|Thu Bon river.—VNS File Photo
DA NANG (VNS)— Hard-engineering solutions have been adopted on a large scale to deal with the on-going intensive drought that has beleaguered the central coastal provinces, particularly those in the basin of Vu Gia-Thu Bon rivers.
The resolutions were outlined by Dang Duy Hien of the General Department of Irrigation (GDI) under the Ministry of Agriculture and Rural Development during an online discussion facilitated by the Government Online Portal in Da Nang City on Sunday.
The solutions include supplying water on an alternating basis, installing on-site pumps and sharing irrigation water.
The official said his ministry had advised farmers at the places without irrigation systems to grow crops that need less water yet yield an equivalent amount.
The ministry had worked closely with the Viet Nam Electricity to operate the hydroelectric reservoirs in a way synchronised with farmers' cultivation activities given that they all required the water sourced from the river.
According to Vo Van Diem, deputy director of Quang Nam Province's Department of Agriculture and Rural Development, in 2012 the region experienced irregular climate patterns, such as lower levels of rainfall (only 60 per cent of the average amount).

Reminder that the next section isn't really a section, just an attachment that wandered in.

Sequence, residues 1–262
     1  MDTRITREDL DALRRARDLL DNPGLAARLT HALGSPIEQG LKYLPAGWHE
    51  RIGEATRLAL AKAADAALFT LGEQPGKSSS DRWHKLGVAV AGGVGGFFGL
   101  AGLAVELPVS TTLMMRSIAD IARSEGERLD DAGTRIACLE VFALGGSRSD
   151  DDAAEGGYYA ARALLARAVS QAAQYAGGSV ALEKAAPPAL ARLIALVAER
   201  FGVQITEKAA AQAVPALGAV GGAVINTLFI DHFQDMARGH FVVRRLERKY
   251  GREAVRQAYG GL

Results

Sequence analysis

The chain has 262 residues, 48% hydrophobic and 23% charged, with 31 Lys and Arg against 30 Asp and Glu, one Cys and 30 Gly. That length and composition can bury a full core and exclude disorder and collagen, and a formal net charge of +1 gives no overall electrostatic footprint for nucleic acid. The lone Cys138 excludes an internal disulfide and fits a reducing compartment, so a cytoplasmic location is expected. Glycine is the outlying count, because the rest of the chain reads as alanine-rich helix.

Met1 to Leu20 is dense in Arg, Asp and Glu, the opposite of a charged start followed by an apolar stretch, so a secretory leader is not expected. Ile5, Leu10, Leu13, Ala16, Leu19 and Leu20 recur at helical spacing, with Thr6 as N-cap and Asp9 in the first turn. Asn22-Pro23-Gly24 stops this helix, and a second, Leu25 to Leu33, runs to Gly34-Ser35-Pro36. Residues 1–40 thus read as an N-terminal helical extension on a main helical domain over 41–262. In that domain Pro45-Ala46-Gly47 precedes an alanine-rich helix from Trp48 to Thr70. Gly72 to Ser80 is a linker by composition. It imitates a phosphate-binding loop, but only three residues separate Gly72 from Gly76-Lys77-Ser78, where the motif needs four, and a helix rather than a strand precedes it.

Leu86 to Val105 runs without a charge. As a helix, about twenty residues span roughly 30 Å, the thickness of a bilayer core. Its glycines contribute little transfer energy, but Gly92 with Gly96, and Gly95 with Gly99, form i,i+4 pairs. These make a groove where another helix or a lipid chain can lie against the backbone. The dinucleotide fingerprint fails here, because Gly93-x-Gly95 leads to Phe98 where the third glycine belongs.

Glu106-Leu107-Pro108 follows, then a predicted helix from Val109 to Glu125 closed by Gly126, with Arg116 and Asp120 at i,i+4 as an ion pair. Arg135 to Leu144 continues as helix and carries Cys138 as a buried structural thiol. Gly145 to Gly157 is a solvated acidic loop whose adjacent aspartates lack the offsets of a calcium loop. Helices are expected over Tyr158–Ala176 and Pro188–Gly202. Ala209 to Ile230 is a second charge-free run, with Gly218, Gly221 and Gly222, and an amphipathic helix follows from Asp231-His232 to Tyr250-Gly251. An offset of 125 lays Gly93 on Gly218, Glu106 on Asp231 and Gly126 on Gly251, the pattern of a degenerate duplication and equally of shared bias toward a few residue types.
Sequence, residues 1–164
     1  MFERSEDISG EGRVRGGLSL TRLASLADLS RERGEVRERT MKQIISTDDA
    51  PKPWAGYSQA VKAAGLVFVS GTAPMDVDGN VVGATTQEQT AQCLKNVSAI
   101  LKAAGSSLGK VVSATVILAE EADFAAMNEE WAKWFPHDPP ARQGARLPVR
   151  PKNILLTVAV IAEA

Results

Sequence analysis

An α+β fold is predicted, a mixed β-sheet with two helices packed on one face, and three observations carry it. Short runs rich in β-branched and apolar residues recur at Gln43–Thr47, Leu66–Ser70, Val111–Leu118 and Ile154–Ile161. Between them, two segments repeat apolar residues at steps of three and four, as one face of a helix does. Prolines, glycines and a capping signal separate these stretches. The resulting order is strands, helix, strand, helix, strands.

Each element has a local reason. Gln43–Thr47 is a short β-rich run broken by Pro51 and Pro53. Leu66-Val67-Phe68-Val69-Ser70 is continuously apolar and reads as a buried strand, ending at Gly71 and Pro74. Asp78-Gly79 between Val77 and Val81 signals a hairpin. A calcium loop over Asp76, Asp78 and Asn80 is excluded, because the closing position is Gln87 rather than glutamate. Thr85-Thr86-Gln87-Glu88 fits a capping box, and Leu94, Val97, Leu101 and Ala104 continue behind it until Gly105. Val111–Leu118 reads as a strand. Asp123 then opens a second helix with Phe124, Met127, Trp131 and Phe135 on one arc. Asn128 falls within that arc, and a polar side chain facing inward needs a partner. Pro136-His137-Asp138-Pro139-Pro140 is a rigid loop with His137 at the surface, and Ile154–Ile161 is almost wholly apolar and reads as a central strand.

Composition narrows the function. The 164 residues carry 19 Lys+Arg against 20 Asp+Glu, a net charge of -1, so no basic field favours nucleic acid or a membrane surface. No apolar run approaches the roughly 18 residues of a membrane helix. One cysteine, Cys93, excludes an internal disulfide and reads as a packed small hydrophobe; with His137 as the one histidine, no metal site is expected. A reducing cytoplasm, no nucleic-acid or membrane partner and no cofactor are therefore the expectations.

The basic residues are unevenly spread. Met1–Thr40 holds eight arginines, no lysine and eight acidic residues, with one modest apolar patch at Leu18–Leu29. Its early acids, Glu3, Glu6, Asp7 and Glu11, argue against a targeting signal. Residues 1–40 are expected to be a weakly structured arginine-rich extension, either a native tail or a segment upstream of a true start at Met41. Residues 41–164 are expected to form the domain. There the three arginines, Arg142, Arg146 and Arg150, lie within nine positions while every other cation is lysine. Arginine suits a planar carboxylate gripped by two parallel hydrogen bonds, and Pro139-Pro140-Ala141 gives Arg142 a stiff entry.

As the winter-spring crop started to grow, a shortage of 135 cubic metres of water was estimated.
During the winter-spring crop, the central provinces, the Central Highlands and the Mekong Delta were all hit by the drought. From Da Nang City to Ninh Thuan Province, there were 4,000 hectares that underwent severe drought.
GDI's Hien provided a comprehensive analysis of the situation.
In the northern part of the central region, a considerable amount of water was left in reservoirs and rainfall had resumed.
In the southern part, while the cultivation area was comparatively small, the place affected by severe drought accounted for a large ratio and the dry season here lasted longer than in the Central Highlands. However the water levels of the reservoirs here were at a very low level.
Meanwhile, more than 32,000 large trees have died due to the prolonged drought and hot weather in the protective forest of Xuan Loc in southern Dong Nai Province, according to the Xuan Loc protective forest management board director Hoang Dinh Long.
"It is the first time that the area has been faced with this situation," said Long. "We have no choice but hope for rain to come soon because many efforts in drought prevention and bringing water from reservoirs have had no effect."
The Dong Nai Provincial Agriculture and Rural Development director Hoang Minh Dao said that severe weather had had a serious impact on agricultural production and people's lives in the province.
The province has asked local authorities to strengthen forest inspections and supervision in efforts to combat the drought. — VNS